For the electron-injection buffer layer 119, a substance having a high electron-injection property, such as an alkali metal, an alkaline earth metal, a rare earth metal, or a compound thereof (an alkali metal compound (including an oxide such as lithium oxide, a halide, and a carbonate such as lithium carbonate or cesium carbonate), an alkaline earth metal compound (including an oxide, a halide, and a carbonate), or a rare earth metal compound (including an oxide, a halide, and a carbonate)), can be used.

In the case where the electron-injection buffer layer 119 is formed so as to contain the substance having an electron-transport property and a donor substance, an organic compound such as tetrathianaphthacene (abbreviation: TTN), nickelocene, or decamethylnickelocene can be used as the donor substance, as well as an alkali metal, an alkaline earth metal, a rare earth metal, a compound thereof (an alkali metal compound (including an oxide such as lithium oxide, a halide, and a carbonate such as lithium carbonate or cesium carbonate), an alkaline earth metal compound (including an oxide, a halide, and a carbonate), or a rare earth metal compound (including an oxide, a halide, and a carbonate)). Note that as the substance having an electron-transport property, a material similar to the above-described material forming the electron-transport layer 114 can be used for the formation.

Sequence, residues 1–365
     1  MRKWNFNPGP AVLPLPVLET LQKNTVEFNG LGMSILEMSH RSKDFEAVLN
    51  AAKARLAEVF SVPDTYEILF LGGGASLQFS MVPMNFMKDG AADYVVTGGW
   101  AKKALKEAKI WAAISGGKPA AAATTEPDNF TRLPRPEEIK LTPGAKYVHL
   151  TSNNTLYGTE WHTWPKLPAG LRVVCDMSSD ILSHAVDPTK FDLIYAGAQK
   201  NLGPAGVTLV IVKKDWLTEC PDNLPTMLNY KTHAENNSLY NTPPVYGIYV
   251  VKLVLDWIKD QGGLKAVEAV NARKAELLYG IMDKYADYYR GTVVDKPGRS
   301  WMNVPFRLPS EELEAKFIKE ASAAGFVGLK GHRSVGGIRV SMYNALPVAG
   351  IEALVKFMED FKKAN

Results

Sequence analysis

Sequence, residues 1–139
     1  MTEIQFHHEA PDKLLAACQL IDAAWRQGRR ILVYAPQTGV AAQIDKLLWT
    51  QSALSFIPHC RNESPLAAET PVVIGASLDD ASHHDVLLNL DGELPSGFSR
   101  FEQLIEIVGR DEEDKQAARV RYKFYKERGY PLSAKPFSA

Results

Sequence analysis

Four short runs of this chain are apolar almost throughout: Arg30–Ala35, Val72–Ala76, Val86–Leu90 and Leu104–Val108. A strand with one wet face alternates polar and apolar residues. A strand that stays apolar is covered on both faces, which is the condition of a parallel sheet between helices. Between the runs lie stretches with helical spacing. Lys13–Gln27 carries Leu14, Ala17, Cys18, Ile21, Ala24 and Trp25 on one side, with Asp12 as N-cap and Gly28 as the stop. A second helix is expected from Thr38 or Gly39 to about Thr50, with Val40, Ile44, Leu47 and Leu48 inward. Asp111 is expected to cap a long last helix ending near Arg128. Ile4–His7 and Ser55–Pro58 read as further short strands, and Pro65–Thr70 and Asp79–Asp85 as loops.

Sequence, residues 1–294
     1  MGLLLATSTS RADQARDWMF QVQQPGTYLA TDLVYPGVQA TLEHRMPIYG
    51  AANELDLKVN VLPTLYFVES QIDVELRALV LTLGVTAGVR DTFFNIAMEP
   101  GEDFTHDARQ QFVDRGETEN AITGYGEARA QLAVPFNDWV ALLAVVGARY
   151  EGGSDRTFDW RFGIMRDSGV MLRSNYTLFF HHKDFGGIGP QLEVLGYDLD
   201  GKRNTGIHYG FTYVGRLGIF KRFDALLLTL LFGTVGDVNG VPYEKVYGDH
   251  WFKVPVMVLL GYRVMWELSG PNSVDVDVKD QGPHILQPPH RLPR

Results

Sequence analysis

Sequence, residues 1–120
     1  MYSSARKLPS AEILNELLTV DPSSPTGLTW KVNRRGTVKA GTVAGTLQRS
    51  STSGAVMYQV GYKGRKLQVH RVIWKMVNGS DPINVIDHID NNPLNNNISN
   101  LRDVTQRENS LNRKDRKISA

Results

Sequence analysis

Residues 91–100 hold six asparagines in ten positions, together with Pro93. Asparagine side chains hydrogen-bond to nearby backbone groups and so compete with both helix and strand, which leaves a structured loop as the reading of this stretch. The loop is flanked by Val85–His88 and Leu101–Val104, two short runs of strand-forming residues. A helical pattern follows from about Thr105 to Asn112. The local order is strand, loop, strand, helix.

As a substance forming the second electrode 102, a metal, an alloy, an electrically conductive compound, or a mixture thereof having a low work function (specifically, 3.8 eV or less) or the like can be used. As specific examples of such a cathode material, elements belonging to Group 1 or Group 2 of the periodic table, such as alkali metals, e.g., lithium (Li) and cesium (Cs), magnesium (Mg), calcium (Ca), and strontium (Sr), alloys containing these (MgAg and AlLi), rare earth metals such as europium (Eu) and ytterbium (Yb), alloys containing these rare earth metals, and the like can be given. However, when the electron-injection layer is provided between the second electrode 102 and the electron-transport layer, as the second electrode 102, a variety of conductive materials such as Al, Ag, ITO, or indium oxide-tin oxide containing silicon or silicon oxide can be used regardless of their work functions. Films of these conductive materials can be formed by a dry process such as a vacuum evaporation method or a sputtering method, an inkjet method, a spin coating method, or the like. Alternatively, the films may be formed by a wet process using a sol-gel method or a wet process using a paste of a metal material.